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The Cutting Room Floor:Common Things

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Sometimes, you can find a random piece of unused content or two in one game. And sometimes, that little piece can be found in many, many other games. This page aims to list all the egregiously common things in games, mainly to reduce the redundancy on every single page. If something is listed here, it's not worth the effort to make a full page just for these.

General

  • Pressing the tilde key or a similar key above the Tab key during gameplay brings up a console in a large number of Windows, Linux, and Mac games.
  • Similarly, many games do create logs during gameplay. Unless the functionality of these is disabled by default or the game happens to include one of these hidden in its directory, these are usually not worth covering, especially with computer games.

Nintendo

Game Boy Color

  • By mandate, all games exclusively for the Game Boy Color must display an error message any time a game inserted into a Game Boy, Super Game Boy, or a similar non-GBC compatible device. These are only noteworthy if they go completely unused.

SNK

Neo Geo Pocket Color

  • Similar to the Game Boy Color, there's an error message any time a game is inserted into a plain NGP when a game is meant solely for the NGPC. These are only noteworthy if they go completely unused.

Unused Content

SDK Content

Nintendo

  • Various portions of the GC and Wii SDKs can be found in random games.
    • rebirth.thp, portions of the U.S. Constitution, etc.
  • Super Game Boy dummy headers are featured in most Game Boy games from 1994 onward.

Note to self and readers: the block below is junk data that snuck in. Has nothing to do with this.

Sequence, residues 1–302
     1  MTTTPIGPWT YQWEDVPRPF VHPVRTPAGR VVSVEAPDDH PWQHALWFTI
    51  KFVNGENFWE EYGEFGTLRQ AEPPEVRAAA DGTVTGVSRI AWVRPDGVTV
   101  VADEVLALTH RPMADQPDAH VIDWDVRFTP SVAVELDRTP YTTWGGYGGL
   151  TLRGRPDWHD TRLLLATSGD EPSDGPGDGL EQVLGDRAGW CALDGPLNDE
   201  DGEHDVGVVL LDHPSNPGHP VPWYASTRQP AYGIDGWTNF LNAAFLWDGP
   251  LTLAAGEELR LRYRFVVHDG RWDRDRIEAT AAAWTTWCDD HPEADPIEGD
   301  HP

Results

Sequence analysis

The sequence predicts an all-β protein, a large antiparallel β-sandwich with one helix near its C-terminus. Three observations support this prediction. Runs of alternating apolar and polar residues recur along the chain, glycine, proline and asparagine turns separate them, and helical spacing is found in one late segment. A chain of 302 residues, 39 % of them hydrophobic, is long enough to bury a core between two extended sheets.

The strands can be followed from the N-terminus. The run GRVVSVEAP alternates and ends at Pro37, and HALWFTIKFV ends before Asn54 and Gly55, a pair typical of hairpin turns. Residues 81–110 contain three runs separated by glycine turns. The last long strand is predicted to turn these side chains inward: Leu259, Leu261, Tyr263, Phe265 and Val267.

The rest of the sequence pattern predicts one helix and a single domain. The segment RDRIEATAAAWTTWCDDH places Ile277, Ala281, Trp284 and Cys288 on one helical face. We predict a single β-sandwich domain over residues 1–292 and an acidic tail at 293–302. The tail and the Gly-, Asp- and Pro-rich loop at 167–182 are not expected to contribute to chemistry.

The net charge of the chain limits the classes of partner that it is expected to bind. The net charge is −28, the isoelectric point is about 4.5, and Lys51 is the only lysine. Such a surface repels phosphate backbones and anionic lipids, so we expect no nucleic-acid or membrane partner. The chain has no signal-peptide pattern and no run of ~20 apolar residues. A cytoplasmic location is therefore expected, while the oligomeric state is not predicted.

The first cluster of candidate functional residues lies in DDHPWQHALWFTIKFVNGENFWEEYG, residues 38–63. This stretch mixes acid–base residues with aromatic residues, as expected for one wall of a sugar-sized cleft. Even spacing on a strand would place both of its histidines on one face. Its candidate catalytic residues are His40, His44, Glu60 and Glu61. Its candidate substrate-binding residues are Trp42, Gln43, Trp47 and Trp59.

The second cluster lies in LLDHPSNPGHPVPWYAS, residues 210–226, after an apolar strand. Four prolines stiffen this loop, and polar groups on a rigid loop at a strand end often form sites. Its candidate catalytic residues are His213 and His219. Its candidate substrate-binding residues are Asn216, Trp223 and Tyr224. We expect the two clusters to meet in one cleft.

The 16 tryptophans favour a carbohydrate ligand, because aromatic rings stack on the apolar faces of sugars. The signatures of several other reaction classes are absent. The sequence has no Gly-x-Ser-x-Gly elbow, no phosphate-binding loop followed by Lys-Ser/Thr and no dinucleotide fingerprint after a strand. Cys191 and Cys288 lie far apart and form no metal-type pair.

Unity

Various graphics from the Unity SDK tend to be common leftovers. These include Unity logos, various types of "beta" or "development" watermarks, a yellow warning sign, a "personal edition" or "free edition" splash image, and many smaller Unity-specific UI elements.

Text Strings

General

  • Many games will contain a string indicating which compiler was used for that game. Examples include (but aren't limited to) Microsoft's C Runtime Library, Borland, CodeWarrior and Watcom.
    • These strings were often used in decompilers, since it was easy to determine how a compiler worked (especially when the executable has function and variable names left in).
  • Lorem ipsum text is often used as a placeholder.
  • PADDING repeated over and over is frequently seen inside Windows executables.
  • Executable/cartridge headers can be found in most games. These often contain the game's title in plain text.
  • Disc-based games often have text files named ABS.TXT, CPY.TXT, and/or BIB.TXT (or similar). These should not be documented unless their contents are particularly notable (e.g. developer notes, the game's story, etc.).
  • Long lists of profanities and vulgarities, sometimes in multiple languages. These are used as word filters, usually to keep profanities from appearing in a game's dialogue or high-score screen. Unless the list is unused by the game itself, contains something very unusual, or causes a notable effect in-game, it isn't worth documenting.

Microsoft

Windows

  • "This program cannot be run in DOS mode." or something similar appears in many Windows games.

Nintendo